pandemo (pandemo) wrote,

Radio Support

In an answer to another post, I stated that the Iowa law requires 180 days of student participation in their education between Labor Day and Memorial Day. Ever since the law was enacted, schools have applied for, and received, a waiver to begin early.

I knew the schools in southern Iowa all did it regularly. My pointed question was, "Which is hotter on average, May or August?"

Today on the WOI-fm news, a legislator from Chariton (25 miles north of my farm, but still WELL into the south, being in the second tier of counties above Missouri) asked just that question. But he had access to facts I did not.

Of the 375 school districts in Iowa 350 of them apply, and are approved, annually. He wants to form a commission to look into it. (Other proposals would give the amount of student time BY THE MINUTE, so if you took off two weeks of afternoons, you would have to add them back into the contact with student equation someplace. Last summer, which was COOL, the town of Corydon announced in the newspaper early in August that the first two weeks of school (that part BEFORE Labor Day) would be half days only. We went full time those two weeks.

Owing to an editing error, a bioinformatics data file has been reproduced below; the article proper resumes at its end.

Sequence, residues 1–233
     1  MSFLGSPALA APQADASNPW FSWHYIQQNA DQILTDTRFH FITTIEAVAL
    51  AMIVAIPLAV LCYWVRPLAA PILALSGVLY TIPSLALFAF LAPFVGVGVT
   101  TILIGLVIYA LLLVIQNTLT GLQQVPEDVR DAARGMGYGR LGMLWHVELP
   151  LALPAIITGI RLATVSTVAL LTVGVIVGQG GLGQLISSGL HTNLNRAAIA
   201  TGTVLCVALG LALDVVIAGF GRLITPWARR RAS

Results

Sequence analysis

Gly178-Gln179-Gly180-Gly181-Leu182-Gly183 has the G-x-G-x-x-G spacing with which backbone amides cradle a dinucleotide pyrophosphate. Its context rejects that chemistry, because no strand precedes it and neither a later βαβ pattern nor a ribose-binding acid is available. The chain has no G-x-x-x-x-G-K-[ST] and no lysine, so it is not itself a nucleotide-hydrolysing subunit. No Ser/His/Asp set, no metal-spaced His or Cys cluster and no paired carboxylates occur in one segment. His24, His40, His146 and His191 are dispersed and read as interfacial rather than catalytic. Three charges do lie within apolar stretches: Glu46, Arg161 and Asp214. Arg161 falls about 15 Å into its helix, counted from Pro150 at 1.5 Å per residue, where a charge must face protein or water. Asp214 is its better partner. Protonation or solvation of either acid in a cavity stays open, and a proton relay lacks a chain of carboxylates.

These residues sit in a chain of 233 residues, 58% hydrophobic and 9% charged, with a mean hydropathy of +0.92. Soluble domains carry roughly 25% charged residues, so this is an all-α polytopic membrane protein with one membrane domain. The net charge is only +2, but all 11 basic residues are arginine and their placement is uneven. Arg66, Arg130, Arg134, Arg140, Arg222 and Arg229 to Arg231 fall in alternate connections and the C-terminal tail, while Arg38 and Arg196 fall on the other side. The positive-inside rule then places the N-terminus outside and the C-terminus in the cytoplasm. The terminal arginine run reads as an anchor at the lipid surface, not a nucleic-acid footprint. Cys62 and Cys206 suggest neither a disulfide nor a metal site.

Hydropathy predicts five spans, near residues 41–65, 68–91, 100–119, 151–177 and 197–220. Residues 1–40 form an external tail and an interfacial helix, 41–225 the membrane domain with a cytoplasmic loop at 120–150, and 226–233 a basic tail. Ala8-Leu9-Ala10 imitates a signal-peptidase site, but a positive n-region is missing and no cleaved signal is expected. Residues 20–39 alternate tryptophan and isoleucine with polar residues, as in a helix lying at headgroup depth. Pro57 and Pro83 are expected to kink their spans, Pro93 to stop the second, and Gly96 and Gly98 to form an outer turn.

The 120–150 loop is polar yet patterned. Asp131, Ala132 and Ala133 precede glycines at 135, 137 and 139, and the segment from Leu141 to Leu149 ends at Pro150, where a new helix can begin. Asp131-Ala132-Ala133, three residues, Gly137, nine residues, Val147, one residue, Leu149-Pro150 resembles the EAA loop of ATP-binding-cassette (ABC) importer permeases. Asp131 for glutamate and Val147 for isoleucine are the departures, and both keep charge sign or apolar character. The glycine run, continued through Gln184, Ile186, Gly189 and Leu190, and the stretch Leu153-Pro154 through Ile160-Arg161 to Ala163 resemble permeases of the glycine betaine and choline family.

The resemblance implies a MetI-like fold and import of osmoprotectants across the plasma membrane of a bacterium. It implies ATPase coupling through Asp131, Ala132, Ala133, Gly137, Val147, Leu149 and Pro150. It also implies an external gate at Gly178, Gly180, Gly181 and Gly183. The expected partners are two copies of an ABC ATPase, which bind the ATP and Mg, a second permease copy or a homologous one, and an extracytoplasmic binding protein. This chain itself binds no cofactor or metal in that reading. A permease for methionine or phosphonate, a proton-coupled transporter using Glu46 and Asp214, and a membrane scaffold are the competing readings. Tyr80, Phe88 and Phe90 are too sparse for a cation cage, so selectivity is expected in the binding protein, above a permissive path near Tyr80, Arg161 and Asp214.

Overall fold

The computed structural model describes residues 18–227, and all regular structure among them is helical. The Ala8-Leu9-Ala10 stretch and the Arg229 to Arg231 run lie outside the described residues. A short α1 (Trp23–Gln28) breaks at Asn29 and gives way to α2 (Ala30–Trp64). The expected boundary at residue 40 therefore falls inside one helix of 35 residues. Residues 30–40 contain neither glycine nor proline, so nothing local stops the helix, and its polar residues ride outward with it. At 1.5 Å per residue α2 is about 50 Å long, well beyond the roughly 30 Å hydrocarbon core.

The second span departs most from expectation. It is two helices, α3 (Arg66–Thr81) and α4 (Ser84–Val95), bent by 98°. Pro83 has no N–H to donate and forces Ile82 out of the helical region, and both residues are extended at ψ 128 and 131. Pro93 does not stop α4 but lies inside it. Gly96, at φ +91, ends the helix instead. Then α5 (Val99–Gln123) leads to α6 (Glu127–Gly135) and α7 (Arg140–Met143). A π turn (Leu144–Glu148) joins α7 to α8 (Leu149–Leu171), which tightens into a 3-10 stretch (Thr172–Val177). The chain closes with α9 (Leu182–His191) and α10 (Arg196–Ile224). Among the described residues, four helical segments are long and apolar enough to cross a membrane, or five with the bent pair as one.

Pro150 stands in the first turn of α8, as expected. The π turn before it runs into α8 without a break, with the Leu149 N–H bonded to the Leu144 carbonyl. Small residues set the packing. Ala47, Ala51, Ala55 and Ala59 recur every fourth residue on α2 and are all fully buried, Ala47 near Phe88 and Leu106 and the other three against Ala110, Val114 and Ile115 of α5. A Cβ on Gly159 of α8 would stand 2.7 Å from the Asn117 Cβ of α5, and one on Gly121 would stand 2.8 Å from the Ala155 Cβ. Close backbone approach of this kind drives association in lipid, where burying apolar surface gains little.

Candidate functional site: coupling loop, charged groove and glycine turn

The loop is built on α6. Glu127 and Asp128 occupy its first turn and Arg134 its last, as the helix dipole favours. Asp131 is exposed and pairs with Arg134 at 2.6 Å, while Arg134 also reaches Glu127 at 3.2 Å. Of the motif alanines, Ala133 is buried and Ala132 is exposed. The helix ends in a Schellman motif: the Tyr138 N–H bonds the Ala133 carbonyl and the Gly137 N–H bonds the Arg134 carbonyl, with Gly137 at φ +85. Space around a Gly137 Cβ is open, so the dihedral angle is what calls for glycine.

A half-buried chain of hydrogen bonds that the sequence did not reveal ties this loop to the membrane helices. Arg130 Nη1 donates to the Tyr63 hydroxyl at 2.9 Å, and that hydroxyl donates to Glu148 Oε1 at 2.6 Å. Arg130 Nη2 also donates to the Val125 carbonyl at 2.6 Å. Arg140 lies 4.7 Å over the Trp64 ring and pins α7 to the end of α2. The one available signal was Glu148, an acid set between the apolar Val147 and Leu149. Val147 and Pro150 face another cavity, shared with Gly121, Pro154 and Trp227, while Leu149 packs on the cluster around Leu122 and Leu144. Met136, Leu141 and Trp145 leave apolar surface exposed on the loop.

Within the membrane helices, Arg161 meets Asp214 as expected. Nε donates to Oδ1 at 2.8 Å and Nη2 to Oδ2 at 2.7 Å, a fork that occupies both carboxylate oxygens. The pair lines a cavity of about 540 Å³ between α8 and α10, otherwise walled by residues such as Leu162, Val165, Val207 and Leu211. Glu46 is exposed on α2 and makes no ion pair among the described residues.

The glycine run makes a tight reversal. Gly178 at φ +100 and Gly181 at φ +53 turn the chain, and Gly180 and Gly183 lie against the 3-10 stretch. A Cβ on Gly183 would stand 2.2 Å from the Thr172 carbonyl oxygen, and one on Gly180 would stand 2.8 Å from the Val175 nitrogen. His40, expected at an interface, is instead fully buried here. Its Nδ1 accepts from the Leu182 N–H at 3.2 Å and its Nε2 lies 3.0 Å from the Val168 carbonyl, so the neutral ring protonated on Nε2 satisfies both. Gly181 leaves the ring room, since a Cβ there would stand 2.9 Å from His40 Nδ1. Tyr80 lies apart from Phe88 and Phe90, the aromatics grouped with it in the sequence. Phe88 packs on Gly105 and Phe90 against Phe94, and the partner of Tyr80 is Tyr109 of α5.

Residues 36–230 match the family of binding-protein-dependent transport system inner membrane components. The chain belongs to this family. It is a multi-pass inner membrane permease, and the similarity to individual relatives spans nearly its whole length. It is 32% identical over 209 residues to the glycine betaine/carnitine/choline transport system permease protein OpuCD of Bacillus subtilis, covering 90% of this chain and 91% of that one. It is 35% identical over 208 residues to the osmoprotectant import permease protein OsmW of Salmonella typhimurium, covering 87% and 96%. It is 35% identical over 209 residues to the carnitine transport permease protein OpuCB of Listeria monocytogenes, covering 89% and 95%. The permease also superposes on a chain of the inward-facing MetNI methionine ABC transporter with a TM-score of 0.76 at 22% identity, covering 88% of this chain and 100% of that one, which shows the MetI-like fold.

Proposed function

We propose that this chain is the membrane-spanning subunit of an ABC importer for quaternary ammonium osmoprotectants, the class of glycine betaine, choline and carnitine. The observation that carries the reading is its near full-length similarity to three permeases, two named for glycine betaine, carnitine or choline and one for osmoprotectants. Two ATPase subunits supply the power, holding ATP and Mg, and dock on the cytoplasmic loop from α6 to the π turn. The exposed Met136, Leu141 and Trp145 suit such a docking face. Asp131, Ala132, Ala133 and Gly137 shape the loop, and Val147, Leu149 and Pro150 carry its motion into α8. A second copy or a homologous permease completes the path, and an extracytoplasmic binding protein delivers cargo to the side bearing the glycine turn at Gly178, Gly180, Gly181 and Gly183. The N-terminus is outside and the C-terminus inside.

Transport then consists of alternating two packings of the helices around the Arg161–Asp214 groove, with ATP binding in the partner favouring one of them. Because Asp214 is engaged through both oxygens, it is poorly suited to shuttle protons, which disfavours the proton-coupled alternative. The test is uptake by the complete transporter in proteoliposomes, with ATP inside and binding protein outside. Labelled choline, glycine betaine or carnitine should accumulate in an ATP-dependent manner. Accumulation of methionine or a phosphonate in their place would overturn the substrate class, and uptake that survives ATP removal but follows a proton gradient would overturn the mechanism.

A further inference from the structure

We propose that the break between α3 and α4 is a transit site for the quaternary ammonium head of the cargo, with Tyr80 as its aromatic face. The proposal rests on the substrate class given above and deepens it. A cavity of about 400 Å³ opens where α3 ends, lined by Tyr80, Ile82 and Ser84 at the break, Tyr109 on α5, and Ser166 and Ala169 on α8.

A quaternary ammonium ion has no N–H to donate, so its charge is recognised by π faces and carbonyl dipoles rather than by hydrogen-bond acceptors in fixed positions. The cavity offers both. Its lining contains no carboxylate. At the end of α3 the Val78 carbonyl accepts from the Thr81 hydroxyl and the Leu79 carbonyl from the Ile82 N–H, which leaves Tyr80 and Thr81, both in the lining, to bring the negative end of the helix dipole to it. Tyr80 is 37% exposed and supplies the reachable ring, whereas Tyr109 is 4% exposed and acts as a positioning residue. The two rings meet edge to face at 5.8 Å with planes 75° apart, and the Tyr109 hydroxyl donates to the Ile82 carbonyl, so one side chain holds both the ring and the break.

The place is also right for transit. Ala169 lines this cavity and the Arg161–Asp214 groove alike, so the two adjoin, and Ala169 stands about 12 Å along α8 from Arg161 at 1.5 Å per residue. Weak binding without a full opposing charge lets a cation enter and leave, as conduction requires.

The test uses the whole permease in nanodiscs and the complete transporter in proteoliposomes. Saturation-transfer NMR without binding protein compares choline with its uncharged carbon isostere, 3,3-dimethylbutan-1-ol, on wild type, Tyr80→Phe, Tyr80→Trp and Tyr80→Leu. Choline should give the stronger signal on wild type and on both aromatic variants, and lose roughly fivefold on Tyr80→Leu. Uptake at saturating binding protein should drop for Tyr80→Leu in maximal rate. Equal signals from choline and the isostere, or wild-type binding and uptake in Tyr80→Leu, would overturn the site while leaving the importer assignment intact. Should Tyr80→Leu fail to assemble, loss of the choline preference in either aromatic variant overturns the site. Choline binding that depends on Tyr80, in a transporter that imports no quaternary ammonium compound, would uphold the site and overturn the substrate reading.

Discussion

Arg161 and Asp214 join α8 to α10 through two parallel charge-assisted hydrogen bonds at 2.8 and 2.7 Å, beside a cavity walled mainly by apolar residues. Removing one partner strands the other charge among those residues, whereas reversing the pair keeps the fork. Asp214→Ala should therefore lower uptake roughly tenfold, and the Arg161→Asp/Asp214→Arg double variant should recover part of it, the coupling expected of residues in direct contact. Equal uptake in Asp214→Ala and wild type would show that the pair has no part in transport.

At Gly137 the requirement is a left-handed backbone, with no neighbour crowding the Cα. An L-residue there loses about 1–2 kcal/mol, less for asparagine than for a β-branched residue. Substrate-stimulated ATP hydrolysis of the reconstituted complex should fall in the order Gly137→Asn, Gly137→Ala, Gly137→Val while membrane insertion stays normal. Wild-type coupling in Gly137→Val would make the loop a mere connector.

Everyone just shakes their collective heads. What ARE we about??? I, of course, not sitting in an air conditioned office, favor either school at times with temperatures conducive to good learning, OR buildings that can maintain such temperatures where the STUDENTS are expected to work.

Oh. what a heretic I am! Maybe the DOE employees responsible for granting those waviers ought to "shadow" a potential drop out in one of the southern tier schools for a day of school held prior to Labor Day. While dressed to meet the school dress code.

Yesterday, I saw a youngster running around in a thick, long sleeved, hooded sweatshirt- the kind that is generally worn as a jacket.

"Are you keeping warm enough?" a classmate asked him.

"It was all I could find that was clean."

At this point, the coach standing near-by offered him a T-shirt, which he turned down. He wore that thing the entire day, until we got out at 1:30. We get out today at 1:30, too. We are yet to have a full day of classes with students.
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